View Full Version : Coaching Long distance open water swimmers

May 22nd, 2010, 06:57 PM
OK you coaches and ultra open water swimmers out there, I need your expertise. One of my swimmers has just let me know she has a goal to compete in a 12.6 mile swim on Oct 16, 2010. She has done 5 mile swims and completed her last 5-mile in St Croix in 2:38. She is 35 years old. How can I help prepare her in a pool setting, her primary training ground? I'm sure we will be able to get her open water time, but what can I do to best utilize our 75 minute workouts?

May 23rd, 2010, 12:31 PM
What swim is she doing? Just out of curiosity.
I'm getting ready for my next 10-miler and have done St. Croix several times, with almost all pool training.

May 24th, 2010, 08:19 PM
She'll be swimming in the OptimisSport Distance Swim Challenge. Here is the web link: http://www.distanceswimchallenge.com/about-us.php.

May 24th, 2010, 08:20 PM
So what types of sets are you doing in the pool to prepare you for your 10-mile swims?

Kevin in MD
May 25th, 2010, 02:13 PM
Here are some things I like to work on and have people work on.
1. Long straight swims, mostly this is a mental exercise. JUst to help the swimmer get comfortable with the idea and mental state necessary to put her head down and go for 30 minutes or more straight.
2. Feeding, practice the feeds. Whatever she chooses to use, use it in practice ot make sure it is tolerable and works well for her. I use half strnegth gatorade with maltodextrin mixed in, she might like somethign else.
3. The complete opposite of feeding, in the 3 weeks leading into the swim do some workouts with no calories and no breakfast. In a swim of that length it's a pretty sure thing that she will become glycogen depleted. So doing a workout or four in that same glycogen depleted state can help on race day. She will have done it before.
4. Pulling with bands only, if the race is rough she will need a fair bit of strength to work her way through the waves.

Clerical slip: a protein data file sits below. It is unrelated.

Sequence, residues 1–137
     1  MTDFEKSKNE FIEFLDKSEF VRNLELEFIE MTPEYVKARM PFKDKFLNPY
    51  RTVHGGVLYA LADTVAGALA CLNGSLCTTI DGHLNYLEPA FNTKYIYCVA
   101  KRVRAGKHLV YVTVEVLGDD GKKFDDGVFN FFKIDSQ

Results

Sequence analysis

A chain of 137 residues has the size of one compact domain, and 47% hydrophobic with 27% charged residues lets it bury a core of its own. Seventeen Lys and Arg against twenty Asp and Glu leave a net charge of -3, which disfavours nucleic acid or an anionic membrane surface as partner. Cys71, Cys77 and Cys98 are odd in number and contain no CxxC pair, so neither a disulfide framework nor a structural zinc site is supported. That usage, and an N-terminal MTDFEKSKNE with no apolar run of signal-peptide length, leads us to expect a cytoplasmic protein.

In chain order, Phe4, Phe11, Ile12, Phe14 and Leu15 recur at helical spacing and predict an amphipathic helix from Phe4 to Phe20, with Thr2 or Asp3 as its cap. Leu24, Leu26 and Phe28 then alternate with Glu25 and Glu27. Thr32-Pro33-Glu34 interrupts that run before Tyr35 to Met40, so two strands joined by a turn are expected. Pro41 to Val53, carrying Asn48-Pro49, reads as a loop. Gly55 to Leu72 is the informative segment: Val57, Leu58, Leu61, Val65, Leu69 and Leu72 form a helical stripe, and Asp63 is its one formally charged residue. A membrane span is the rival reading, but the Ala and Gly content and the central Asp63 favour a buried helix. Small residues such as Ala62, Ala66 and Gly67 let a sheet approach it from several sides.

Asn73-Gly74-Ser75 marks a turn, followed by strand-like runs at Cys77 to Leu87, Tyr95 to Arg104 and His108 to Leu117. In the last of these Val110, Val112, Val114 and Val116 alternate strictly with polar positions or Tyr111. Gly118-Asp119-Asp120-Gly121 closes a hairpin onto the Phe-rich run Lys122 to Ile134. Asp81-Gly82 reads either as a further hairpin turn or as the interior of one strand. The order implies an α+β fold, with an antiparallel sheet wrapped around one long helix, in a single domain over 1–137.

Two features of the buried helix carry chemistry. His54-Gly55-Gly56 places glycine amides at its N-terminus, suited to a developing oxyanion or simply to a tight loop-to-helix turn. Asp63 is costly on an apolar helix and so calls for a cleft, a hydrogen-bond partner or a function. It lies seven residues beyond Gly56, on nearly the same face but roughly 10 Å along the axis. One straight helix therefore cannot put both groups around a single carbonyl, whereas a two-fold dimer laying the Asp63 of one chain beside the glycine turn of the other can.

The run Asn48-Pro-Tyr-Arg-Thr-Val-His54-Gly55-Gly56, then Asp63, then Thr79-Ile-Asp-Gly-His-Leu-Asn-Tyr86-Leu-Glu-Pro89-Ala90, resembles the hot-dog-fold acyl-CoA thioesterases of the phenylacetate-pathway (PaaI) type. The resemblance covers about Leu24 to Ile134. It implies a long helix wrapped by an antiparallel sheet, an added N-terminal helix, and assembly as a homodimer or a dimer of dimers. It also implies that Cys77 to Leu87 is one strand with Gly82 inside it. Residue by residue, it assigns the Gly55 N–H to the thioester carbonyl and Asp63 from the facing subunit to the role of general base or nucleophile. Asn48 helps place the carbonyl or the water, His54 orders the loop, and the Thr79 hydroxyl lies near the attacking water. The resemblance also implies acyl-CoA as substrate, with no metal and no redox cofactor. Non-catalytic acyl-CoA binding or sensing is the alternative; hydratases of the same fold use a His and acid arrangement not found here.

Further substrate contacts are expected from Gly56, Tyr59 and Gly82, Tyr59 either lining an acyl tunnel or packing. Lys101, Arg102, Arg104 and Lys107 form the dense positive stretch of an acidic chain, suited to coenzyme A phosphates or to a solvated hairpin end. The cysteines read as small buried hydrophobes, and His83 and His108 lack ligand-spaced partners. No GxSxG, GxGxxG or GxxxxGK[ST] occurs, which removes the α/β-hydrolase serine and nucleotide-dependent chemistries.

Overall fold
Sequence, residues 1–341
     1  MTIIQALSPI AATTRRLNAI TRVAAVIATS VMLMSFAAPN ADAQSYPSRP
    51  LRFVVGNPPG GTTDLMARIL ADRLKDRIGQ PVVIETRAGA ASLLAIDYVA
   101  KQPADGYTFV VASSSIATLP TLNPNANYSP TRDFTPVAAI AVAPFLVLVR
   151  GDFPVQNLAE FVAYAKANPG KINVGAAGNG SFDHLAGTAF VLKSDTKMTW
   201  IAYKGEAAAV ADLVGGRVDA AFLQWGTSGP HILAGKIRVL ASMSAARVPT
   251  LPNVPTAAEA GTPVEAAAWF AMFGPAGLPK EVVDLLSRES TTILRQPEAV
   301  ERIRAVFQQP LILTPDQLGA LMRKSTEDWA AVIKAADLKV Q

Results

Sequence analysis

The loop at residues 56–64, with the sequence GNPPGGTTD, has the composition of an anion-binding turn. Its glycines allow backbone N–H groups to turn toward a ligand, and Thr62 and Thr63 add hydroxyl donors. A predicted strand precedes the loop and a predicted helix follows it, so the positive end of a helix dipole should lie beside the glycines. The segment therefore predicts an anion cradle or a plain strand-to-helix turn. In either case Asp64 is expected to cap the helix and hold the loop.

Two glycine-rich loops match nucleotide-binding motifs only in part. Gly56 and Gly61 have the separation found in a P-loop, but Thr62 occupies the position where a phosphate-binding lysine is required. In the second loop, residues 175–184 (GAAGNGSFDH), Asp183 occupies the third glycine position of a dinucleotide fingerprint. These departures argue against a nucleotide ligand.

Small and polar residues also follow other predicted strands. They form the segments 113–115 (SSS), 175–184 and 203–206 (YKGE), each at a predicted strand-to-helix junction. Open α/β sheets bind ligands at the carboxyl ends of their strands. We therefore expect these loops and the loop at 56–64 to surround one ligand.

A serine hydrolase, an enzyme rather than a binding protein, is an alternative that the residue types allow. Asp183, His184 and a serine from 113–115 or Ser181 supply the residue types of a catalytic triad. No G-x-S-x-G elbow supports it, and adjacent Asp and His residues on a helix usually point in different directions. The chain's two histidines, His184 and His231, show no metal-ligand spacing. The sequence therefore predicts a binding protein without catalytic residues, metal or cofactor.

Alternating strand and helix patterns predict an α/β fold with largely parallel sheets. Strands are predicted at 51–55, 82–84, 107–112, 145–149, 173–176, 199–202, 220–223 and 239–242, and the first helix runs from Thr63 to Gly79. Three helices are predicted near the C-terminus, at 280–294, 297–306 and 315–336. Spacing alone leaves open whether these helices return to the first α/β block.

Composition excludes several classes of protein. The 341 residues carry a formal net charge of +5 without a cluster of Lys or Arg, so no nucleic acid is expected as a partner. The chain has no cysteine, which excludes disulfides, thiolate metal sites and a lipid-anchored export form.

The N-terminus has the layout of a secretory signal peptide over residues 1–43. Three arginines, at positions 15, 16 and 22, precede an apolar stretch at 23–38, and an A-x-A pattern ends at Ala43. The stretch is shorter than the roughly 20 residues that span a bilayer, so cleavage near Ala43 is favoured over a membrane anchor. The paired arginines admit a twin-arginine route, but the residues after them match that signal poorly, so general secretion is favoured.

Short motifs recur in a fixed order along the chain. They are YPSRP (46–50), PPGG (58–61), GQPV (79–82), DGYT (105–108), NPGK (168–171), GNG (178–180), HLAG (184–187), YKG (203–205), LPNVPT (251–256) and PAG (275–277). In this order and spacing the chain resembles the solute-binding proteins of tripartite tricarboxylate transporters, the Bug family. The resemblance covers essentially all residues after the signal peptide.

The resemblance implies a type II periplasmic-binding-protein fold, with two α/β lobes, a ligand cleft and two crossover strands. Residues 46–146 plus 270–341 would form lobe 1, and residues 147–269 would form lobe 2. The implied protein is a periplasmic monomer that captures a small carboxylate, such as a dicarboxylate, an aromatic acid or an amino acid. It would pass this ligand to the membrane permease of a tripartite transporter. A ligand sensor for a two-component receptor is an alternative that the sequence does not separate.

5. Depending on how much open water practice, some sets where she practices sighting every 6 strokes might be a good idea.
6. The vast majority of set construction can be taken from "standard" distance swim sets that are around.

The other thing is to check out Marcia Cleveland's doversolo site. She has some sets on there if i recall correctly.

May 26th, 2010, 12:11 AM
Thanks for the great info! What bands are you referring to in #4?

Kevin in MD
May 27th, 2010, 11:13 AM
Thanks for the great info! What bands are you referring to in #4?

Any old kind of rubber or elastic band to keep your feet together and keep you from kicking. I use old bicycle tubes, but lots of different things will do.

Make sure the swimmer doesn't adopt a new style of dolphin kicking to help them keep their feet afloat.

June 1st, 2010, 12:55 PM
In terms of gearing up for my 10-miler, I know my training plan is not ideal. Basically, I go to Masters practice three times a week, which is terrific, and means about 5000 yards per practice with plenty of speed work thrown in.

Then, I do two days a week where I just swim distance. I did a straight 8500 this past Saturday, then another long swim on Sunday.

I would like to find a more definite training plan, but haven't put together anything that really works for me. (I also have a 9-year-old and run my own business so I have to be incredibly flexible about the times I swim, etc.) What I typically do is figure out how far in advance I want my longest swims to be--about a month out from my key race--and generally work back from there. To get ready for the long race, my longest training swim will probably be between 12000-14000 yards. The reason for that is primarily mental as doing that in the pool is god awful in terms of the boredom factor. Once you are out in the real world, much more fun!

And of course, I work on getting outdoors as often as possible--just about getting to be that time here in chilly Massachusetts.

Basically, I agree with the tips from Kevin. The sighting is especially important! I feel like you can lose a ton of energy sighting improperly.

Wish I had words of wisdom for your swimmer. I'd say--get in and swim.